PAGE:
Supreme Court takes up Arizona voting rights law that will be heard after the election
The Supreme Court said Friday it will review two provisions of an Arizona voting rights law that had been blocked by the lower courts.Posted — Updated
One provision concerns an "out of precinct policy" that does not count provisional ballots cast in person on Election Day outside of the voter's designated precinct. Another concerns the "ballot collection law" which permits only certain persons — family and household members, caregivers, mail carriers and elections officials — to handle another person's completed ballot.
The dispute will not be resolved before the election because the argument calendar is already full through December.
Mark Brnovich, Arizona's attorney general, called the provisions "commonplace election administration provisions" used by Arizona and "dozens of states." Over the dissent of four judges, the majority invalidated two commonplace election administration provisions used by Arizona and dozens of other states to prevent multiple voting, protect against voter intimidation, preserve the secrecy of the ballot, and safeguard election integrity.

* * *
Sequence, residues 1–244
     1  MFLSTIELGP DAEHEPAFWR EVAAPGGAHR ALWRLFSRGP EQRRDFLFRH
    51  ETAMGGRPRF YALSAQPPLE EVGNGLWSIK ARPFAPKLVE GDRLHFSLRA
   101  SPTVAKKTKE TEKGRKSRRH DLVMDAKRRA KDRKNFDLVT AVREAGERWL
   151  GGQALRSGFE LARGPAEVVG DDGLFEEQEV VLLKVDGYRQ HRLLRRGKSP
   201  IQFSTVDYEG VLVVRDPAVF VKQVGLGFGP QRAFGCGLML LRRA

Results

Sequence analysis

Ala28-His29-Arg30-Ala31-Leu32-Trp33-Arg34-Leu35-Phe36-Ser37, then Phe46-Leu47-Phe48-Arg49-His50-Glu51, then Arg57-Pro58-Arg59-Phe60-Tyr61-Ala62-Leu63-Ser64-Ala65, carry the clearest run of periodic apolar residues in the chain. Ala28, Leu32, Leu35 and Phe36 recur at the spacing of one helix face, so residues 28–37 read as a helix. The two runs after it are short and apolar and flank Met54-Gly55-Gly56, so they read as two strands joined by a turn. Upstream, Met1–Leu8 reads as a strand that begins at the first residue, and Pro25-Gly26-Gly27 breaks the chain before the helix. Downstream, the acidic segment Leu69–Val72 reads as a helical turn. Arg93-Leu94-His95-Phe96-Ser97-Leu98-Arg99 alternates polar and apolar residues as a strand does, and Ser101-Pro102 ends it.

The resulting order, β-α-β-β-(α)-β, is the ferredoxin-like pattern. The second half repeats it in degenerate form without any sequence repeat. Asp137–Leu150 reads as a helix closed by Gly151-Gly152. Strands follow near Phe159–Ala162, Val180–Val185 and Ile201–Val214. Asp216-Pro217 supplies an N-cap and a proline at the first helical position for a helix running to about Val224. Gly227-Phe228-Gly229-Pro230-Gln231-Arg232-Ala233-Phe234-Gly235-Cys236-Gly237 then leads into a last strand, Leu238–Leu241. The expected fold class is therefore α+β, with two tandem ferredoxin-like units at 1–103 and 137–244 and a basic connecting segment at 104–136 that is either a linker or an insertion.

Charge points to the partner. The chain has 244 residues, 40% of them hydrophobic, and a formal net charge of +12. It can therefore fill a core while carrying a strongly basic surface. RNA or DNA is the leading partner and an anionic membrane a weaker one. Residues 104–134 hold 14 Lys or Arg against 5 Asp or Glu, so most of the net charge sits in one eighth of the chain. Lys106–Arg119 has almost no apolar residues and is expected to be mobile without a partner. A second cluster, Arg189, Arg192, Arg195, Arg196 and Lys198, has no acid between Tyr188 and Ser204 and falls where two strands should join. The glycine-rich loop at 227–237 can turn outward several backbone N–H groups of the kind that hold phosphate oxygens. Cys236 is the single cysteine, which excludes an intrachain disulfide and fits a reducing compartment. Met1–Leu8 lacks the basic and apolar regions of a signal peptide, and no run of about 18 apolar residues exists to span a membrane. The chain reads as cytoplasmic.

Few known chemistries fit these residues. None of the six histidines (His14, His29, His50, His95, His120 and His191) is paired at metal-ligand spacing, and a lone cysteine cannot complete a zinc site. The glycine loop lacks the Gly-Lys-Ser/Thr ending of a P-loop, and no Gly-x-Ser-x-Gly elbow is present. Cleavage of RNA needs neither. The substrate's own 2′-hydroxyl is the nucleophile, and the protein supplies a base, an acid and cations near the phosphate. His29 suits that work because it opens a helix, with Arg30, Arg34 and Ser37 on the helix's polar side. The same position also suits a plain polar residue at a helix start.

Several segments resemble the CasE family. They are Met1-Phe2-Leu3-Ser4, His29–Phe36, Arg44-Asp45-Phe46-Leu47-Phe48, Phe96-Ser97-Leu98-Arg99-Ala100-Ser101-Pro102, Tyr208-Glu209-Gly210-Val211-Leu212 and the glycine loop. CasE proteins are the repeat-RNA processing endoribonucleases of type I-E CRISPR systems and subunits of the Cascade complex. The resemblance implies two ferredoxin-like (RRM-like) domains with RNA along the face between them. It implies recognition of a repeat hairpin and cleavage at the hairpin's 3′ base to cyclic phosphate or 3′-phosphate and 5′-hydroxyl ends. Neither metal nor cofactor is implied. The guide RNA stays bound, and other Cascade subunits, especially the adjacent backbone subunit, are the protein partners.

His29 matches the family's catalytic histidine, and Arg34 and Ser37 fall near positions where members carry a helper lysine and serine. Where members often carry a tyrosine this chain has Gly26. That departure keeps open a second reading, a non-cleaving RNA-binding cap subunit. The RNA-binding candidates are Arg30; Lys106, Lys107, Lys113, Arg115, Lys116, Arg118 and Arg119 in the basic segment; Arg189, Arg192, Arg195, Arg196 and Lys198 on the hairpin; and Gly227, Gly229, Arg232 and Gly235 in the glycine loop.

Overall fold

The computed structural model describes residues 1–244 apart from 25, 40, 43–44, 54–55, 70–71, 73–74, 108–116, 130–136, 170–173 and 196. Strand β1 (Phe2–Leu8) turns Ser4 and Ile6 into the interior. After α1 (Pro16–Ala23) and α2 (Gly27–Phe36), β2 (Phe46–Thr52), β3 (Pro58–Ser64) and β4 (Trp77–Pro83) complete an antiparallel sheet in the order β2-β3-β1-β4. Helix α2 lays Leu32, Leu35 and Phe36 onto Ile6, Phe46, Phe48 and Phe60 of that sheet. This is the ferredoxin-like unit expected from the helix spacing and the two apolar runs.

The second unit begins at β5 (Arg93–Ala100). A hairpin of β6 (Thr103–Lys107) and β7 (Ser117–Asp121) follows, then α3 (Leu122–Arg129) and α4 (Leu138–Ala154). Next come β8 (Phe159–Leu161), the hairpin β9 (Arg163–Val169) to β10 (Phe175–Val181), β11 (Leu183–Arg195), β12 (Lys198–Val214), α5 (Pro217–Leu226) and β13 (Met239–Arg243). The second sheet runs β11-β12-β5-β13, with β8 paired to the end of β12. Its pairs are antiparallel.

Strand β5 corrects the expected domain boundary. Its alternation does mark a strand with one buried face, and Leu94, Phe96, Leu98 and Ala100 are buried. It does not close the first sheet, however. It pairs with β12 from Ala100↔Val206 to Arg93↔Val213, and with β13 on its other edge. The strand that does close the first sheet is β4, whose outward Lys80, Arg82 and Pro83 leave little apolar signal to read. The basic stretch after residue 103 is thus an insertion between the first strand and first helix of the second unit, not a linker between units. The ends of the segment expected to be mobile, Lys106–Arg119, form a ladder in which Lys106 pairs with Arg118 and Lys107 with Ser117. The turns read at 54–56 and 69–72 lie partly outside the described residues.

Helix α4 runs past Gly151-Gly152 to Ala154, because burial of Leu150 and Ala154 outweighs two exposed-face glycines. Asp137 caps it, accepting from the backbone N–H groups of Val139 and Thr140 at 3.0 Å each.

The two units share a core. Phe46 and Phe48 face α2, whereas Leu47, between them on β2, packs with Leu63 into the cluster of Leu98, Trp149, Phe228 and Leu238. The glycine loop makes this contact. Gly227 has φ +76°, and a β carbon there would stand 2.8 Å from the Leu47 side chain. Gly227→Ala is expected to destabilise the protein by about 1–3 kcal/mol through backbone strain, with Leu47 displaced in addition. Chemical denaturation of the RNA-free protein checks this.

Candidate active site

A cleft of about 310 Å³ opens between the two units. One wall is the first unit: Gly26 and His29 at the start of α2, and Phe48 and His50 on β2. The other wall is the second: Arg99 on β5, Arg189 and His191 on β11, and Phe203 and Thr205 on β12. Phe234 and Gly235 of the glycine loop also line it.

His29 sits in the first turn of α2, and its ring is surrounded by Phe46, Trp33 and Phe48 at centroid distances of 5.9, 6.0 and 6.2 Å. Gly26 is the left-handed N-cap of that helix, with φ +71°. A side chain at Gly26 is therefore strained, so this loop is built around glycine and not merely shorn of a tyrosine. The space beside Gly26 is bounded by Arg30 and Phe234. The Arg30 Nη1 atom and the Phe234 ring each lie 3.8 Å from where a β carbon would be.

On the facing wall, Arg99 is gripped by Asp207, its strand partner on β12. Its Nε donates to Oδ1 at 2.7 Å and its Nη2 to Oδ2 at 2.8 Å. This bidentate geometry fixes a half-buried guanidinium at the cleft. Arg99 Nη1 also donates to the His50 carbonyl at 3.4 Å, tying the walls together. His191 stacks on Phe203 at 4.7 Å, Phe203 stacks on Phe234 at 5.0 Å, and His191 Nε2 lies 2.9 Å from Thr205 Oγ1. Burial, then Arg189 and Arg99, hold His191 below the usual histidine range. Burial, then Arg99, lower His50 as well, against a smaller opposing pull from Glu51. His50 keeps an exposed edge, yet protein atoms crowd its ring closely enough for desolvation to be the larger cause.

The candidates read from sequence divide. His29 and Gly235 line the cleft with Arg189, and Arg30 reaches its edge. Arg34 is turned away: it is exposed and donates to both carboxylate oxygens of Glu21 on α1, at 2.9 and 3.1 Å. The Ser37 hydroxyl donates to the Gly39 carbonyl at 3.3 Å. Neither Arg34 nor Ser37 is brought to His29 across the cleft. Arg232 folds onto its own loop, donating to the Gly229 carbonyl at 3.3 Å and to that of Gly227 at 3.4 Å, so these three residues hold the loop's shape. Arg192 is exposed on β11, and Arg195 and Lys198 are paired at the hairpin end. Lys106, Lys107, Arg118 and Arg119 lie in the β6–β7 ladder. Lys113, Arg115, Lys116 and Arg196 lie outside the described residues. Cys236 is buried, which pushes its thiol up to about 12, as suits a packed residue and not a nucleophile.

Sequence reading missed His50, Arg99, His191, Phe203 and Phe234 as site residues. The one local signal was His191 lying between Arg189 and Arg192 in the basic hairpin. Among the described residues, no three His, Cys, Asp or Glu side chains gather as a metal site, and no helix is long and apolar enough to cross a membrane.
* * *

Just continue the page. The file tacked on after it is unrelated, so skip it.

But Marc Elias, a lawyer for the Democratic National Committee, argued that Supreme Court precedents and the law compelled the lower court to conclude that Arizona's wholesale rejection of ballots cast out of precinct and its criminalization of ballot collection violated Voting Rights Act.
A district court upheld these provisions, and the 9th Circuit affirmed, but a large panel of judges reversed.
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